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Last Meskwaki Codetalker remembers
Last Meskwaki code talker remembers

Native Americans - Frank Sanache, right, was one of 27 Meskwaki to enlist in the Army together in January 1941, nearly a year before Pearl Harbor. Eight became code talkers.

Frank Sanache, right, was one of 27 Meskwaki to enlist in the Army together in January 1941, nearly a year before Pearl Harbor. Eight became code talkers.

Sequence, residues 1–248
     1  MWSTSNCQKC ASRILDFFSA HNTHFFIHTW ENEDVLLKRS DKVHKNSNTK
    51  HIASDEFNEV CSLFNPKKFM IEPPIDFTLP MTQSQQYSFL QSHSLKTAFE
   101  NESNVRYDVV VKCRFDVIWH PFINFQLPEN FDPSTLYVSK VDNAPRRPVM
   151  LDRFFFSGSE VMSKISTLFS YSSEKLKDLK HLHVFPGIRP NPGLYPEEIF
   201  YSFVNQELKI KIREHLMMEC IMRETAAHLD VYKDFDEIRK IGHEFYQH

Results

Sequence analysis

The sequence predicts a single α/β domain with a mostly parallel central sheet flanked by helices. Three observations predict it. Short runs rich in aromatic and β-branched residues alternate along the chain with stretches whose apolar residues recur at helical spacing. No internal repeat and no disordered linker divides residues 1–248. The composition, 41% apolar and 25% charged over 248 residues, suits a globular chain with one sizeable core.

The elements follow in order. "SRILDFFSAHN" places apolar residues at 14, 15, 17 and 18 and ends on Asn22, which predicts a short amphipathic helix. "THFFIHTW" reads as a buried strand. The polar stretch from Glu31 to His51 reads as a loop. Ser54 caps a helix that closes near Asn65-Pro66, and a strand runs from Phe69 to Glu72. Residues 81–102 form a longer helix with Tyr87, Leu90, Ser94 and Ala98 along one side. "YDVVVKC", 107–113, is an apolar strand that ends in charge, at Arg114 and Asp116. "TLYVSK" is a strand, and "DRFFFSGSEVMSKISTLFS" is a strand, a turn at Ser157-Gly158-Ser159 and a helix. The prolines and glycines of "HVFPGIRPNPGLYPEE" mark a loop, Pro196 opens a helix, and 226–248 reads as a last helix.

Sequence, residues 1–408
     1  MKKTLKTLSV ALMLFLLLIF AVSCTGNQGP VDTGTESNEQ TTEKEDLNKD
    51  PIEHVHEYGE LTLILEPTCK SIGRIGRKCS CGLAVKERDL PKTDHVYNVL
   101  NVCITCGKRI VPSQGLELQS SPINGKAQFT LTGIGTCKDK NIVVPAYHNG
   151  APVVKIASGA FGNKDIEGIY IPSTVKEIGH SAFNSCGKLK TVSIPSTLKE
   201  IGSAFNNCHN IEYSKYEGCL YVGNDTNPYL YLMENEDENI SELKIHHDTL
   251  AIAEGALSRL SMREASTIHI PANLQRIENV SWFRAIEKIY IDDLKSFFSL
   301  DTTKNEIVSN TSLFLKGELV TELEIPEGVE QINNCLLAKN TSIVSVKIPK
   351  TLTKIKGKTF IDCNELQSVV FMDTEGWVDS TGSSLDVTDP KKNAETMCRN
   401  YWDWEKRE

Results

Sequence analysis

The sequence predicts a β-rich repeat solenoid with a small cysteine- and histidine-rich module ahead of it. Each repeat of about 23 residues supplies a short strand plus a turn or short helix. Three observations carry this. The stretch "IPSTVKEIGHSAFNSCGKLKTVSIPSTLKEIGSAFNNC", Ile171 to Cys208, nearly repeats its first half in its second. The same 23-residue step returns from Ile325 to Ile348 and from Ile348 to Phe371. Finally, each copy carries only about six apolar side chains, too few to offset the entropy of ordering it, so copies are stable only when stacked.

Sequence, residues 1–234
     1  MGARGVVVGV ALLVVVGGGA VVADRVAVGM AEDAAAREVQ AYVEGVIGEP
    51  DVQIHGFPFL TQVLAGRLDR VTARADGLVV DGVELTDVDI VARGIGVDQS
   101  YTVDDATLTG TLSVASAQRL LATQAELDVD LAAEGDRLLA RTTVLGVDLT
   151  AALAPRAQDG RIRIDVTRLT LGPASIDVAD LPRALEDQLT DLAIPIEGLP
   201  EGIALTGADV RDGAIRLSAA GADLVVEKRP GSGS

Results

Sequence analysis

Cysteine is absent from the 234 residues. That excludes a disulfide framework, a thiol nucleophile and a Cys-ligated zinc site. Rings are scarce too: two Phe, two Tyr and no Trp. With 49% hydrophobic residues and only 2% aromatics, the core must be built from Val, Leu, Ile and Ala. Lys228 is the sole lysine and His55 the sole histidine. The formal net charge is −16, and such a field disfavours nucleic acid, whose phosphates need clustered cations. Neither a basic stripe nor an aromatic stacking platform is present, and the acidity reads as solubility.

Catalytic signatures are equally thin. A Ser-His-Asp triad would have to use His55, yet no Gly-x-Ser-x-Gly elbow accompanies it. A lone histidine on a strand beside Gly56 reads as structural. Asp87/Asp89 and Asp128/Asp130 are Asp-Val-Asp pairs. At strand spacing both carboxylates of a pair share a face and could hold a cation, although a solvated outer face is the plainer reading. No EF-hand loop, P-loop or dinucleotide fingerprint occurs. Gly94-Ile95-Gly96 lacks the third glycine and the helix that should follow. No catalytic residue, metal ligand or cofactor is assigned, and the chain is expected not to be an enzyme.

TAMA, Iowa (AP) Soft-spoken Frank Sanache relaxes on the back porch of his home at the end of Battleground Drive, remembering how he and seven other young Meskwaki men used their language against the Germans in North Africa. Sanache was a code talker, venturing out far beyond the battalion and using a walkie-talkie to direct artillery fire in the desert. "It was the worst place this side of hell," said Sanache, 84. Sanache was one of 27 Meskwaki, then 16% of Iowa's Meskwaki population, to enlist in the Army together in January 1941, nearly a year before Pearl Harbor. Eight of the group Sanache, his brother Willard, Dewey Youngbear, Edward Benson, Judy Wayne Wabaunasee, Mike Wayne Wabaunasee, Dewey Roberts and Mike Twin became code talkers. During World War II, the U.S. military used a code developed from American Indian languages to communicate sensitive information. The code was never broken. The Meskwaki were among 18 tribes who supplied code talkers during the war, but the Navajo, who sent up to 420 men, are perhaps the best known. The recently released movie Windtalkers focuses on the Navajo and President Bush honored the Navajo code talkers in a ceremony last summer. The Meskwaki men trained in Marshalltown and served together in the 168th Infantry, 34th Division. After jungle warfare training in Louisiana and code talker training in Scotland and England, they were sent to North Africa. Alex Walker, tribal council chairman, said he remembers growing up and hearing the tales of the code talkers. "Frank used to tell me about how he would be sent out as a scout," Walker said. "They used to send him about two miles ahead of the troops in dangerous conditions. There were only eight of them so they worked 24-hour shifts." The walkie-talkies squealed and chattered so loudly, it was difficult to hear one another, said Don Wanatee, Sanache's adopted grandson. There simply weren't enough of them to effectively transmit messages between the eight companies in the division, he said. Sanache was captured by the Germans at Feid Pass in Tunisia. He said the Army had orders to kill the code talkers if they were captured to keep the code a secret. The U.S. Marine Corps has publicly denied that accusation. Either way, Sanache survived. He was sent to a camp in Hammerstein, Poland, where he was held until the Allies liberated the camp at the end of the war. For 29 months, he said, his days were spent unloading lime from rail cars, leaving him with scarred lungs and a variety of chronic illnesses. His daily rations included a cup of soup, two boiled potatoes, a glass of water and a slice of bread, he said. "The first time my wife, Bernice, made me boiled potatoes after the war, I threw them out the door," Sanache said with a laugh. "I told her I'd never eat those again." Walker, who grew up hearing tribal tales of the code talkers, said the eight veterans were revered when they returned from the war. "They would tell their stories at the tribal ceremonies," Walker said. "They were treated like the old time warriors." Sanache worked at a paper mill in Tama for 38 years and is now retired, the last living code talker among the Meskwaki. He has become involved with a group of former prisoners of war. Since President Bush honored the Navajo code talkers last summer, Sen. Tom Harkin, D-Iowa, has introduced legislation that would honor all other code talkers with the Congressional Gold Medal. "I don't want the medal unless everyone who went is awarded," Sanache said, who has three bronze stars. Harkin learned of the Meskwaki code talkers from an article in American Indian , the Smithsonian Institution's National Museum of the American Indian magazine, spokeswoman Tricia Enright said. "When he saw it, he asked us to find out who they are and whether they had been commemorated," Enright said. "They hadn't been, so that's when he drafted the legislation to honor them." Walker said the Meskwaki are pleased Harkin wants to honor their code talkers. "The government has never done anything for them," Walker said. "We look forward to having them honored for their participation in the war."